A collaboration between the University of Toronto's Faculty of Dentistry and the National Jewish Health in Denver -- the top-ranked respiratory research hospital in the US -- has yielded a new drug discovery that could be useful to combat inflammation of all varieties and shows promise in fighting acute respiratory illnesses such as COVID-19.
A small pilot study provides an early glimpse of how some veterans struggling with PTSD may benefit from one simple, inexpensive treatment involving nitrous oxide, commonly known as laughing gas.
A new study published in the Journal of Dental Research demonstrates that testing of oropharyngeal secretions may reduce the number of false negative results from nasal swab testing of patients who have seemingly recovered from the disease.
Northwestern University researchers have cracked one of the secrets of tooth decay. The materials scientists are the first to identify a small number of impurity atoms in human enamel that may contribute to the material's strength but also make it more soluble. They also are the first to determine the spatial distribution of the impurities with atomic-scale resolution. The discovery could lead to a better understanding of human tooth decay as well as genetic conditions that affect enamel formation.
Scientists used a combination of advanced microscopy and chemical detection techniques to uncover the structural makeup of human tooth enamel at unprecedented atomic resolution, revealing lattice patterns and unexpected irregularities. The findings could lead to a better understanding of how tooth decay develops and might be prevented.
Elite athletes who adopted simple oral health measures, such as using high fluoride toothpaste and cleaning between their teeth, reported significantly reduced negative effects on performance related to poor oral health, finds a study led by UCL.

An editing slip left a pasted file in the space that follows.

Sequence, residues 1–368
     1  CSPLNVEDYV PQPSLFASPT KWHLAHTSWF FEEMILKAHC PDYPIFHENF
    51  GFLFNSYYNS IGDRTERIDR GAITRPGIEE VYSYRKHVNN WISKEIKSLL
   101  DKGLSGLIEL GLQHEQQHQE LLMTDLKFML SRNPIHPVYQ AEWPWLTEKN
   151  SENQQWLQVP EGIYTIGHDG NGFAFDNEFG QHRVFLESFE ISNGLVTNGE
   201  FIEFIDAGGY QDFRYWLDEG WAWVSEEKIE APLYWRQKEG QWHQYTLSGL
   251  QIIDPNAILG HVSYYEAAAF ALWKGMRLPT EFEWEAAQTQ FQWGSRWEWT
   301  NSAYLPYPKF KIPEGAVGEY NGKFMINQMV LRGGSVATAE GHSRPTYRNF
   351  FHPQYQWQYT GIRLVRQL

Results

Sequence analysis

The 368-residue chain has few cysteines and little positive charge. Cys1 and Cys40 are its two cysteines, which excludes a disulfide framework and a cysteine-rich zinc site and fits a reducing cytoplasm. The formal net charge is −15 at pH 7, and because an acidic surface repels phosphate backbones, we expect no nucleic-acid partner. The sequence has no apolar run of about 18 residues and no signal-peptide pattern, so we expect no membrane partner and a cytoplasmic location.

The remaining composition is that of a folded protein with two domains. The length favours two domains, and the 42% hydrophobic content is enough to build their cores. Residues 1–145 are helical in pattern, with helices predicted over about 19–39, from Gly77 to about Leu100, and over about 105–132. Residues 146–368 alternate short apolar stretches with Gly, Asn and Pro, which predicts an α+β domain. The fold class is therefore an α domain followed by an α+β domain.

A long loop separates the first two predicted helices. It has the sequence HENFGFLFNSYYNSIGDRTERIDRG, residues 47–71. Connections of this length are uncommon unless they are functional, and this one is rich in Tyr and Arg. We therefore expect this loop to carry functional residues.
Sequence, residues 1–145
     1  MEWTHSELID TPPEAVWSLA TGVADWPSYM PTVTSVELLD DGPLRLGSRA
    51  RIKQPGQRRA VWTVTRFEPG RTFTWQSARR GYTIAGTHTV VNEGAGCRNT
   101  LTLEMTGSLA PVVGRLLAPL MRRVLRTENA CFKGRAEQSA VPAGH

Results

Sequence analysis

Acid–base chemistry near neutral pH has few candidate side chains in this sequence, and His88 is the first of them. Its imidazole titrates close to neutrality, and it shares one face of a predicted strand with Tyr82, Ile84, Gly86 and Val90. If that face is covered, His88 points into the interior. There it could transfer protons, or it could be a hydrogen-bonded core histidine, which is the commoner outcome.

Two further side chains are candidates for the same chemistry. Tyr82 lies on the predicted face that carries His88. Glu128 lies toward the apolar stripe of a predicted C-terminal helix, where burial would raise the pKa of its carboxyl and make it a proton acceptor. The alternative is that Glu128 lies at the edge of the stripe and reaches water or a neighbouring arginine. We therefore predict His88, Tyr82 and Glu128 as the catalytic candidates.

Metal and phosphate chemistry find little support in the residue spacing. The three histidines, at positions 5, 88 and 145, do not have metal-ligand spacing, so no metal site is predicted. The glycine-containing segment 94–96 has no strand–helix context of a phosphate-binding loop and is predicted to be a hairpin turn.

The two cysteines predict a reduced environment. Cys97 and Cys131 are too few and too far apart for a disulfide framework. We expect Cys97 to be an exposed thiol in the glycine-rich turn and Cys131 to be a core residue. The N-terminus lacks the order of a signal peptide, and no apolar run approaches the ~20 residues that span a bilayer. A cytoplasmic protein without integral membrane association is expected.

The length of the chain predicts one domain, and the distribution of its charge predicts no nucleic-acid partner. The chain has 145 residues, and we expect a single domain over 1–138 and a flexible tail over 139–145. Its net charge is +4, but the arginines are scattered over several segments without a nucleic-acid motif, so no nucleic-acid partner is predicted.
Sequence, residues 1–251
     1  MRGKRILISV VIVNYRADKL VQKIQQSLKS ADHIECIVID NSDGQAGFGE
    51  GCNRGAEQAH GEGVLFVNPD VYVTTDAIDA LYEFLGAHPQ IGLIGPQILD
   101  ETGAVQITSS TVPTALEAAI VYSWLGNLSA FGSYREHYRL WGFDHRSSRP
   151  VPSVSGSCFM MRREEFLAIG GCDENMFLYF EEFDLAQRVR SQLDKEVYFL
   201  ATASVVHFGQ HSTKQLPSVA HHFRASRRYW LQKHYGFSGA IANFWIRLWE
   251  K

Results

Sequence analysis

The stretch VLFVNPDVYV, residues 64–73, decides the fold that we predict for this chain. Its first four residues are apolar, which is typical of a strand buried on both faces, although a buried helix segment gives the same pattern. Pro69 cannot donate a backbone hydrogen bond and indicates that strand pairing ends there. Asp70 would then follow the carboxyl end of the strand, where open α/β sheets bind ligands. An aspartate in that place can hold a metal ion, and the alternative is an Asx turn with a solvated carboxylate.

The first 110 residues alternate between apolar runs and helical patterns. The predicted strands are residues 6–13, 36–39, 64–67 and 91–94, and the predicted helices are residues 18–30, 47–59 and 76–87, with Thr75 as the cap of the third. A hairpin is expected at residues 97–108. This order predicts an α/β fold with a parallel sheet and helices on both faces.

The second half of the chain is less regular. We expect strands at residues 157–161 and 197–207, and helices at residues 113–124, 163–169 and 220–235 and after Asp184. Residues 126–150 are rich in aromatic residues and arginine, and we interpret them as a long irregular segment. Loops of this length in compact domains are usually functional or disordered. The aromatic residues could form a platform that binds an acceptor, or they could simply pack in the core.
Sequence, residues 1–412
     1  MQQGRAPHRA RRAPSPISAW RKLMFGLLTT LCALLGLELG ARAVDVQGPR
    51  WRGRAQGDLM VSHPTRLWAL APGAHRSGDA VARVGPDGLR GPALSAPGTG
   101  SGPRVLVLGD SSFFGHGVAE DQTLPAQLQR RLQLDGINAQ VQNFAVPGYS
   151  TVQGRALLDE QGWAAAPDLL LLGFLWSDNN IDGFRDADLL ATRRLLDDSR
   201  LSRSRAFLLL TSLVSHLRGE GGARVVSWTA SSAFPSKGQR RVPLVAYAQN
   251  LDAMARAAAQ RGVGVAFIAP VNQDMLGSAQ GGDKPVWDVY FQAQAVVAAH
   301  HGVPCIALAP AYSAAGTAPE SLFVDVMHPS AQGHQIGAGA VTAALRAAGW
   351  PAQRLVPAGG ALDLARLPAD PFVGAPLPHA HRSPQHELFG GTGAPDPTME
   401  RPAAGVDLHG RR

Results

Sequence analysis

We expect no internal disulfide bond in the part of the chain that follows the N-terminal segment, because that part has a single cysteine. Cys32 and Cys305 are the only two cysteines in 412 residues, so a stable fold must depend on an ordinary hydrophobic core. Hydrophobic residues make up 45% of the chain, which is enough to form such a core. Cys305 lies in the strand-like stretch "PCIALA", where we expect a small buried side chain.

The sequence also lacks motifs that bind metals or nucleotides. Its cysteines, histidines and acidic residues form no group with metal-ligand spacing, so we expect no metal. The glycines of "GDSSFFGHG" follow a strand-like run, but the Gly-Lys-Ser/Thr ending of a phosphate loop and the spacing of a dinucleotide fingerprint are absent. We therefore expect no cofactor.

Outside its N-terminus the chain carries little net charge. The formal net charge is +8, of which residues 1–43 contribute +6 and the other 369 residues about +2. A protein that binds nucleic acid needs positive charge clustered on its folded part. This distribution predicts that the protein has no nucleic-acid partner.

A new collaborative study from the U-M Medical and Dental Schools reveals that inflammatory bowel disease (IBD) may be the latest condition made worse by poor oral health via a clash between the mouth and gut microbiomes.
Prof. Ariel Kushmaro of the BGU Avram and Stella Goldstein-Goren Department of Biotechnology Engineering and the Chinese research team evaluated 14 different types of Sichuan pickles from southwest China. They extracted 54 different strains of Lactobacilli and found that one, L. plantarum K41, significantly reduced the incidence and severity of cavities. K41 was also highly tolerant of acids and salts, an additional benefit as a probiotic for harsh oral conditions. It also could have potential commercial value when added to dairy products.
The largest study to date of electronic dental records (EDRs) delves into both previously inaccessible data and data from understudied populations with the ultimate goal of improving oral treatment outcomes. Researchers from Regenstrief Institute and Indiana University evaluated EDRs of 217,887 patients containing more than 11 million observations, with observation periods as long as 37 years.
The oral microbiomes of 25 otherwise healthy participants who use e-cigarettes daily closely match those seen in patients with gum disease, a new study shows. The results suggest that e-cigarettes trigger a proinflammatory response, coating commensal bacteria in the mouth with a layer of slime that makes them unrecognizable to the body and prevents the